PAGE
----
Nutrition Guide Basics

  1. Fuel up in plenty of time before an event. Ideally you want to have finished consuming your Xtreme energy (and any other food) two hours before if this is possible, make it last for maximum effect SIP, SWILL and SWALLOW. This applies to the Ultimate Recovery drinks too, we know they’re delicious but do NOT gulp them down, SIP slowly for maximum effect.
  1. You should not even consider separate ‘energy’ and/or ‘electrolyte’ products. You also need to replenish minerals, vitamins and nutrients including amino acids, the building blocks of protein. Your ‘energy’ drink should not only be powering you but reloading your system, this way you will perform better during exercise and feel better afterwards. Have a look at the back of the Xtreme Energy and you will see it has a balanced set of ingredients designed to feed, power and replenish your muscles.
  1. Understand that gels are a ‘Rescue’, get me home product and should only be used in emergency and only used if you are truly (not just a bit) fatigued. We don’t sell gels, why? Well nutritionally we simply struggle to justify their existence as their makeup is a recipe for dehydration, cramps and upset stomachs – they are marketed that you have to consume one every 20 to 30 minutes and with that you should also be drinking 500ml… err cost and practicality… do I really need to say any more. As a business we could make a fortune out of them as there is no VAT on them and they are relatively cheap to produce and are guzzled like they’re the elixir of life. We believe in balanced nutrition we have so far declined to produce a gel based product. The point is gels are consumed far too readily as they are seen as a quick fix but to us their down side far outweighs the 20 minute kick and benefit the gel may provide in the short term – especially if you end up with cramps and suddenly needing to dash to the loo mid race!
  1. Before a race do not panic load (whether it be carb loading or hydrating)… be consistent with your approach to nutrition and in the weeks / days before an event, DO NOT load up on hydration or carbs as this will simply leave you feeling heavy legged and bloated. If you think of our mantra ‘Sip, Swill and Swallow’ when we talk about drinking our energy and recovery products, we say this to slow you down so you can’t gulp them down so quickly that your body doesn’t have time to absorb. The same principle applies to your everyday hydration and food. Keep a water bottle handy through the day, every day and get into the habit of sipping. Don’t eat large portions of food at one sitting and when you do eat take your time to chew the food before swallowing… the slower food and drink goes into our system the more time our system has to deal with it.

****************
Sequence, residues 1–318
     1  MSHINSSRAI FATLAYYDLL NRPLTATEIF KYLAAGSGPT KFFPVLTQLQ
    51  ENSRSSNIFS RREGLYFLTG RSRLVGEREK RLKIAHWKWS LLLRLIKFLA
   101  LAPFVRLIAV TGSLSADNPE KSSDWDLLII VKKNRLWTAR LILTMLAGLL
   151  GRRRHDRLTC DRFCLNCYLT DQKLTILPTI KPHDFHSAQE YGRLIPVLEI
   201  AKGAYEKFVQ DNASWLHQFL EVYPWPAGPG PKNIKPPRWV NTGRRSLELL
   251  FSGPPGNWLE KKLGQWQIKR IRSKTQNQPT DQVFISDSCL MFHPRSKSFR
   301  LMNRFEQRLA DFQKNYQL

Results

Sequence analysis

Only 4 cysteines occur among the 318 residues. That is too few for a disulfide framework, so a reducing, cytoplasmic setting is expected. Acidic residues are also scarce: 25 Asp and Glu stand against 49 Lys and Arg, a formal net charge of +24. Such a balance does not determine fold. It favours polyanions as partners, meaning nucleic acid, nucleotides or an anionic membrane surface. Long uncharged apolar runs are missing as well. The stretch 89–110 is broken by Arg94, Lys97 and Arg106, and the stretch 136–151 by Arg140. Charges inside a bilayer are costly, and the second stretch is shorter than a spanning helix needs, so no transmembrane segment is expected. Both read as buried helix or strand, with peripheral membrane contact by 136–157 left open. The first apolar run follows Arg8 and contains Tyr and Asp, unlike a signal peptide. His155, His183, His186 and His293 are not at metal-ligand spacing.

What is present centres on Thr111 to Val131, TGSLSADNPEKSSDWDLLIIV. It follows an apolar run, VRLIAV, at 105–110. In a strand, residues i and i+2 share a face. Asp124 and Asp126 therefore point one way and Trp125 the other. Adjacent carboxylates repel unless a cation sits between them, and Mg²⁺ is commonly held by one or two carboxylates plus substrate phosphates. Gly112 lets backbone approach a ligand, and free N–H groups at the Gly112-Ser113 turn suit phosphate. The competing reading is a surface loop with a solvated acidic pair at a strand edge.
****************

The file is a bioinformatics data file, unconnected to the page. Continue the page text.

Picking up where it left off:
1. SAVE yourself a fortune and stop loading up with protein powder! Unless you are paying an arm and a leg for pure protein (which we still wouldn’t recommend) you are simply loading your muscles with water from the fillers in protein. To make protein powder affordable companies add fillers which then absorb water in your muscles. Fillers = Water = Weight, Bigger Muscles = Weight = slower response and performance. Do F1 cars have huge wheels and excessive spoilers? No, they are light weight, power packed machines. Clean and lean muscle mass is just as strong, less likely to injure and can endure explosive endurance activity far more effectively. A lighter muscle mass which is strength and endurance conditioned though training and effective recovery will power you far more efficiently than water filled bulging biceps, glutes and quads.
  1. Don’t get obsessed over your nutrition, food is one of the great pleasures in life and it should be looked forward to and enjoyed. Essentially we don’t believe any one diet or food type is the be all and end all. Simply eat a balanced diet based around roughly 60 to70% carbs and 30% to 40% protein depending on whether you are fuelling for energy or recovery (As part of your balanced diet you will get your essential fatty acids, fat, minerals, vitamins and nutrients so to keep things simple we don’t factor in these as a %). You know the score – wholegrain’s, brown rice, oats, fruit, vegetables, salads, deep sea oily fish, white meat, nuts and seeds (with seeds if you buy flax or chia ensure that it is ground/milled so that our stomachs can have time to break it down and absorb). We suggest trying to have around a 60-40, 50-50 cooked to raw food ratio. Fresh is best so if you can make your own sauces which are easy to do, do this, as pre-made sauces are pretty evil. Also if you work hard you can enjoy the naughty stuff every now and then whether it be alcohol, cakes or chocolates. Moderation is the key, do not have the mentality that these types of things are off the menu, by allowing them now and again you are probably far less likely to binge or simply slip into bad habits.